ERIC Number: ED268677
Record Type: RIE
Publication Date: 1985
Reference Count: 0
Academic Penalties for Student Misconduct.
Hooker, Clifford P.
A review of court opinions on school discipline suggests that the use of academic penalties as a sanction for student misconduct is widespread and increasing. In 12 cases during the past decade examined in this chapter, students won 5 and lost 7. In challenges of school board policies that assess academic penalties for truancy, students won in three and lost in four cases. In challenges of policies that include grade reduction with suspensions, students won in two and lost in three cases. Despite the lack of congruency between court opinions, some observations can be made. Courts are loath to intrude in matters that are purely academic; when academic sanctions are used as a disciplinary response, they are subject to legal challenges as violative of substantive or procedural due process. Most courts require a rational connection (nexus) between the academic sanction and the conduct of the student. In addition, school rules that impose academic sanctions for student misconduct are most likely to be upheld if they incorporate the following guidelines: (1) explicit policies should be made known to the students; (2) the policy should permit students to take final examinations; (3) academic penalties should be limited to those serious offenses that also result in suspension from school; and (4) school policies shoud meet minimum standards of due process. (MLF)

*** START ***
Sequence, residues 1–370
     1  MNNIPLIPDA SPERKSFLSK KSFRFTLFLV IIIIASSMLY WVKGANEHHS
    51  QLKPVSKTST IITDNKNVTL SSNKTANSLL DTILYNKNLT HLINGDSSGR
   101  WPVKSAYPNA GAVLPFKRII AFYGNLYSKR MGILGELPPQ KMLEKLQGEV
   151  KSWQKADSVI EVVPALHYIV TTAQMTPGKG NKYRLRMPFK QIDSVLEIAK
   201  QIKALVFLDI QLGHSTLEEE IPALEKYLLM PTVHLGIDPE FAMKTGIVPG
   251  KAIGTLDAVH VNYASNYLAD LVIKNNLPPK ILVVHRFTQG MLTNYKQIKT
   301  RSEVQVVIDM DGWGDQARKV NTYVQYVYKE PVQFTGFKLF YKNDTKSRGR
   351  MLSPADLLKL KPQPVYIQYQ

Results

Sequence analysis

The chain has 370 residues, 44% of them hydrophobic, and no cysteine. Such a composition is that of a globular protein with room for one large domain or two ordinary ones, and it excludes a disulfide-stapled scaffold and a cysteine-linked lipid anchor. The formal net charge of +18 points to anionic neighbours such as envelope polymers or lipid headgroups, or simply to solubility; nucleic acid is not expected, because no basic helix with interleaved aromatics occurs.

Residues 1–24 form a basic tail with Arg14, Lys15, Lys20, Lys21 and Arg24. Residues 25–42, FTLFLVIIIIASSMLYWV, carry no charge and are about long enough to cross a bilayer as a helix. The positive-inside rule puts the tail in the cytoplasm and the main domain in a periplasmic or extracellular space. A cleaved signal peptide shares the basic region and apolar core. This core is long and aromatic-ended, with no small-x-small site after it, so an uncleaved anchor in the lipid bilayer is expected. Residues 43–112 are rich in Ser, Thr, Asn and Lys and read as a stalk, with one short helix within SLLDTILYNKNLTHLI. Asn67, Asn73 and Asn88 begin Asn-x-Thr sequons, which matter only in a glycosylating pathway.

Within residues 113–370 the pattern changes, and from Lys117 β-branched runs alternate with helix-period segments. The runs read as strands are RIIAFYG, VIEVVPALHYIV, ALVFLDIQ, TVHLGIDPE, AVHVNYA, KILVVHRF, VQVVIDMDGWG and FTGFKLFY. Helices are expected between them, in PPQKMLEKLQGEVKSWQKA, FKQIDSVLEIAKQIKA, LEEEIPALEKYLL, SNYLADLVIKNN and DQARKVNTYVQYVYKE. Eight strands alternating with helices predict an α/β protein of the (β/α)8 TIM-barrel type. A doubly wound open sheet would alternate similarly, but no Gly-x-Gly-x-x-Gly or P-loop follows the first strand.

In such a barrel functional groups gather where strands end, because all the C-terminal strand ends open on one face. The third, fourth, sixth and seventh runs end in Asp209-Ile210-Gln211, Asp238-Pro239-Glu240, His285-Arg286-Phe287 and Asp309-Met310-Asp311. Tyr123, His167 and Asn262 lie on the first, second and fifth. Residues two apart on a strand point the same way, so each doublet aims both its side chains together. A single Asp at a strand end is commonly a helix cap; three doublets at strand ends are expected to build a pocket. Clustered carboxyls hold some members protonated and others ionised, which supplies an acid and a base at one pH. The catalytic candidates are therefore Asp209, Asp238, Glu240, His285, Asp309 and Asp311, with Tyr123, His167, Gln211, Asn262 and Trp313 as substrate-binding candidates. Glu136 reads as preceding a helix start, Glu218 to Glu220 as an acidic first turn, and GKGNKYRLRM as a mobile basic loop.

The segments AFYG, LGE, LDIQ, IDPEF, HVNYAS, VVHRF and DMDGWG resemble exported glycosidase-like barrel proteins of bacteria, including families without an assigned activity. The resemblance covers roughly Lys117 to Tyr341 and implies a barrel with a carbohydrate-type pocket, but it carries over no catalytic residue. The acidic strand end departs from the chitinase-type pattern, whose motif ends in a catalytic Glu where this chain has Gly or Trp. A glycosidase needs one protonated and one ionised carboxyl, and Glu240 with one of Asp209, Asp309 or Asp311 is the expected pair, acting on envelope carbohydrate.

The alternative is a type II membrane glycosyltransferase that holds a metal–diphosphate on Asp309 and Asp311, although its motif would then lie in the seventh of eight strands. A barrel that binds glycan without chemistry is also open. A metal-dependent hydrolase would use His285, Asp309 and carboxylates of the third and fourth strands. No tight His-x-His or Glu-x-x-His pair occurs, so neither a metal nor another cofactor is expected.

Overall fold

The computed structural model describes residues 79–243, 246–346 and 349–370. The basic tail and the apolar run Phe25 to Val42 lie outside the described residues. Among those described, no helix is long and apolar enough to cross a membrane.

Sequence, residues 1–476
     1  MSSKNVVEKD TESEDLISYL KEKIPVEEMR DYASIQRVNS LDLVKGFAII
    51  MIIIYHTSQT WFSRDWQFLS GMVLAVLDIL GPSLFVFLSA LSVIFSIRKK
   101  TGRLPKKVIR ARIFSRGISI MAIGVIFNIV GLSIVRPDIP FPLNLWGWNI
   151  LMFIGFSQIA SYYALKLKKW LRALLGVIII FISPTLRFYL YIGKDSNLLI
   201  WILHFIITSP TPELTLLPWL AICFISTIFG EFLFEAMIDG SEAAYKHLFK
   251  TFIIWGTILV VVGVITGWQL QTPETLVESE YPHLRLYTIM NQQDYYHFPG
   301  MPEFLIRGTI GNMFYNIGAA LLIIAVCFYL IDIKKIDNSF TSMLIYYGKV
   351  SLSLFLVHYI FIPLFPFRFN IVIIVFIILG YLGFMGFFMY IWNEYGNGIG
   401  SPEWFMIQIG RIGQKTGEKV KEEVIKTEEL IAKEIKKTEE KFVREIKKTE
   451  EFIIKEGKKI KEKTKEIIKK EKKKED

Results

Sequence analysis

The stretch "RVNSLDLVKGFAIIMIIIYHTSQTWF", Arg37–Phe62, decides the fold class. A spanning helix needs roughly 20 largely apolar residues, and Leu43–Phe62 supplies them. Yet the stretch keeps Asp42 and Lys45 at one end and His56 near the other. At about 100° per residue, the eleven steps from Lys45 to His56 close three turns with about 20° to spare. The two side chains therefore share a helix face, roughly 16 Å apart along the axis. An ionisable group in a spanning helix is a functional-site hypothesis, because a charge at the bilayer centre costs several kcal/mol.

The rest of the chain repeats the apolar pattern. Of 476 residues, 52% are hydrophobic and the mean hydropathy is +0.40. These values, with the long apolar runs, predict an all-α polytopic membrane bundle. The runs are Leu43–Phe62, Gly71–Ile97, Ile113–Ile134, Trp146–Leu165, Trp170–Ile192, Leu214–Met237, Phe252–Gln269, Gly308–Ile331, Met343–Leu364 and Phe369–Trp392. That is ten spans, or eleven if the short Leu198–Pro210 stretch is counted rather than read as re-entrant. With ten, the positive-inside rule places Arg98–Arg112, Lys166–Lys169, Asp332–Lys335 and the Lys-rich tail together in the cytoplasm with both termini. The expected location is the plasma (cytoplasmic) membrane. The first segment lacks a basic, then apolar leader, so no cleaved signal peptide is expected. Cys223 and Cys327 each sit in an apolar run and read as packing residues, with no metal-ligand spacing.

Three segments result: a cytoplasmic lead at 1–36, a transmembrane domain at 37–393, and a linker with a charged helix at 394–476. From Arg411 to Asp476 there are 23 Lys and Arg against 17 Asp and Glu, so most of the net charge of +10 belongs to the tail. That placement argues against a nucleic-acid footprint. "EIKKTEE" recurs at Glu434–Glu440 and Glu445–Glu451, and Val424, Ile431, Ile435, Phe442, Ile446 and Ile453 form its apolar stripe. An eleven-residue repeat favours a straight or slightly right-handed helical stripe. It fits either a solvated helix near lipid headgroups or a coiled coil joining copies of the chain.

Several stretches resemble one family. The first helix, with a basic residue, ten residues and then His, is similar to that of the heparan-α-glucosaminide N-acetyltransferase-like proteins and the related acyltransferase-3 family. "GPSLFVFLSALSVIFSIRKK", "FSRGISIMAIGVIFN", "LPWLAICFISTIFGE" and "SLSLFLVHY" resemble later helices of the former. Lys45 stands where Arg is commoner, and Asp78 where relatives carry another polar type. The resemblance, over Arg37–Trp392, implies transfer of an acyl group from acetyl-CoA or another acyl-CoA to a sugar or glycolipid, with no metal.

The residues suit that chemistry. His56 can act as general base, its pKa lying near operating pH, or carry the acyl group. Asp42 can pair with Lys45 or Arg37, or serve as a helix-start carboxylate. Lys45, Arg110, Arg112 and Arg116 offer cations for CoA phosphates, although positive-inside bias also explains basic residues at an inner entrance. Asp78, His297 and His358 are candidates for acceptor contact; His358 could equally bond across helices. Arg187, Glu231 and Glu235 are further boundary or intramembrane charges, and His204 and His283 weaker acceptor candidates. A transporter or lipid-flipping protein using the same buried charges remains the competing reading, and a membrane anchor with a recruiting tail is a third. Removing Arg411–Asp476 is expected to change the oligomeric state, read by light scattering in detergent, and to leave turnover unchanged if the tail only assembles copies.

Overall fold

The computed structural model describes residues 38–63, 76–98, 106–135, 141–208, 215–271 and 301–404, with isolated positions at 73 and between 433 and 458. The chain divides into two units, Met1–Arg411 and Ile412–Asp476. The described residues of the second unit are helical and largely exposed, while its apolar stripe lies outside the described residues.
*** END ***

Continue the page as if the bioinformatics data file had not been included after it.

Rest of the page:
Publication Type: Opinion Papers; Reports - Descriptive
Education Level: N/A
Audience: Administrators; Policymakers; Practitioners
Authoring Institution: National Organization on Legal Problems of Education, Topeka, KS.
Note: In: Jones, Thomas N., Ed., and Semler, Darel P., Ed. School Law Update 1985. National Organization on Legal Problems of Education, 1985 (ED 018 409).